Sunday, March 12, 2006

Imagination 1

... over the past few days, the postman delivered several reference books that I bought. As I read, and re-read, these books, I'm absorbing the information they contain. The books make wonderful additions to my growing reference library and it's certain that I will be frequently looking to them for direction in the future. Likewise, the number of links to webpages saved in my Favorites folder is growing too. These books and webpages are great for the technical stuff, the "how to" information of animation, but they've also inspired another line of thought for me - IMAGINATION.
... any character one cares to draw, whether it is a frog, a fish, a deer, woodpecker, ghost, or a mouse, already exists, sometimes in several different forms. All one needs to do is to pop a copy of "Who Framed Roger Rabbit" into the DVD player and a plethora of familiar characters grace the screen in every scene. We recognize Donald and Daffy, the WB frog, the dancing hippos, even the octopus bartender. And now, we recognize both Roger and Jessica Rabbit.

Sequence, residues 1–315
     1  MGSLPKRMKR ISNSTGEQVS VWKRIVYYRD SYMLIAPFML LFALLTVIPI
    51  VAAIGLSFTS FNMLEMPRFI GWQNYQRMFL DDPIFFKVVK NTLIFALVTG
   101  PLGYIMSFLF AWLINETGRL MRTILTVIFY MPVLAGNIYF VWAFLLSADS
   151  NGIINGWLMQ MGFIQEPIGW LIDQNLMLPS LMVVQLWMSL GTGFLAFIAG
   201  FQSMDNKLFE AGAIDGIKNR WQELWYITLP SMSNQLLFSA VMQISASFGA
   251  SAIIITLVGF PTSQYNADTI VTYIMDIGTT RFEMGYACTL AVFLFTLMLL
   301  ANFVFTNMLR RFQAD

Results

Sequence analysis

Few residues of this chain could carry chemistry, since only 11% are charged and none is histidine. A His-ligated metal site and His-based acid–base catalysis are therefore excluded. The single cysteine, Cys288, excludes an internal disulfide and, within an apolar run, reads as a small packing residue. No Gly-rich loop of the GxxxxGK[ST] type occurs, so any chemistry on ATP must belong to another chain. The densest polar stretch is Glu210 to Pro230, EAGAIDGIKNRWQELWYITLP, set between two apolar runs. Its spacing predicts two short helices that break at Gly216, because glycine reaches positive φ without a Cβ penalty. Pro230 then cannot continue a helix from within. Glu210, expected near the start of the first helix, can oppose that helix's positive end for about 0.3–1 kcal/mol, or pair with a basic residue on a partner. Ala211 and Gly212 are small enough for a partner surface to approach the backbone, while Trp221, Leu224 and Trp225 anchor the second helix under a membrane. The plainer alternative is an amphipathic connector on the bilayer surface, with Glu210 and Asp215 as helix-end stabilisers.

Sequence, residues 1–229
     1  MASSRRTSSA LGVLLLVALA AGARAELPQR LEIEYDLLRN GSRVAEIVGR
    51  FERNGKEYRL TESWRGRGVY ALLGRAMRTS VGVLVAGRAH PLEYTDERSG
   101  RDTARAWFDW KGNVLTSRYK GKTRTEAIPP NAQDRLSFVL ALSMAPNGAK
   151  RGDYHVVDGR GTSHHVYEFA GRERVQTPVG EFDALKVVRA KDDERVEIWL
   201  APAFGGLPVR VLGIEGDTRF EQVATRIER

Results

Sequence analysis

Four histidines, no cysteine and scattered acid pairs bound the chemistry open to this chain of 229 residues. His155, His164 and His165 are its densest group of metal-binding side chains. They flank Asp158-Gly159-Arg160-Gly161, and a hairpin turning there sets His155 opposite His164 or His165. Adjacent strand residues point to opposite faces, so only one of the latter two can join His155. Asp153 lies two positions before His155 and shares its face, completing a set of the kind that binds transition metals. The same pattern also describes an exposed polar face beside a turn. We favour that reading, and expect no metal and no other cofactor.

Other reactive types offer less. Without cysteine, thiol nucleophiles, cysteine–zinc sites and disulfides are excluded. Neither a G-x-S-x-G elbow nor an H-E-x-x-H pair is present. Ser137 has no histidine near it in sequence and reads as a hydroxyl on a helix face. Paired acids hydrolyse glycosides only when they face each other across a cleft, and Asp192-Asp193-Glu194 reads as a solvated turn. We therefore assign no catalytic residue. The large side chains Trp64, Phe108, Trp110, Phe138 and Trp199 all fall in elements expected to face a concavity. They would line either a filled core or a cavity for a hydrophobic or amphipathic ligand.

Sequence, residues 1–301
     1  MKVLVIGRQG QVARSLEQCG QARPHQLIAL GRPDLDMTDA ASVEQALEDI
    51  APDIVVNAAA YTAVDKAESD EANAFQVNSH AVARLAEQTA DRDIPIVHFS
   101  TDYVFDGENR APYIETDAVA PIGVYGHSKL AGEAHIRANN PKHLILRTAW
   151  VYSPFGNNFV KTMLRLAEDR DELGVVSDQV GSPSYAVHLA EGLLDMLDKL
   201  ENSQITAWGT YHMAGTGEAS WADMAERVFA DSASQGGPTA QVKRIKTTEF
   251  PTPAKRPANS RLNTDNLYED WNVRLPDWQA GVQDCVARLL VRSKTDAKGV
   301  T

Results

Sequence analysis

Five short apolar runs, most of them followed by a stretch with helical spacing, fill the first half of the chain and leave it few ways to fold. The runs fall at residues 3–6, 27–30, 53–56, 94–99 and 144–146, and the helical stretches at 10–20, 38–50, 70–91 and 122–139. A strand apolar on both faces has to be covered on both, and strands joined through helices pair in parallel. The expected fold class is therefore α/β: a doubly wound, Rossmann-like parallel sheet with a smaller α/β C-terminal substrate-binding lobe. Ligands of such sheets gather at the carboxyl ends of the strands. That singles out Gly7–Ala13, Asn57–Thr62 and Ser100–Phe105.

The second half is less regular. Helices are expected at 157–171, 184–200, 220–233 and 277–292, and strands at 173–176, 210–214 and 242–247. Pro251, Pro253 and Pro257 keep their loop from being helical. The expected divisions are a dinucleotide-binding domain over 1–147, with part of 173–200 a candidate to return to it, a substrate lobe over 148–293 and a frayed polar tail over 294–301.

... there are a lot of technical components involved in animation. In virtually every reference book I own, The 12 Principles of Animation are repeated and stressed. These are the mechanics of animation, providing the foundation for bringing a character to life and for making that character move realistically. The "bouncing ball action" uses the principles of 1.) arcs 2.) squash and stretch and in the book Animation 1, Preston Blair demonstrates this action by showing a frog jumping. This is a basic action that every aspiring animator should learn to master and duplicate early on. Simply drawing a frog jumping, however, is rather mechanical and boring. It needs a healthy dose of imagination. The frog needs a scene, or a story, in which it can jump. This is where the technical and mechanical aspects merge with the creative and imaginative realm of possiblity.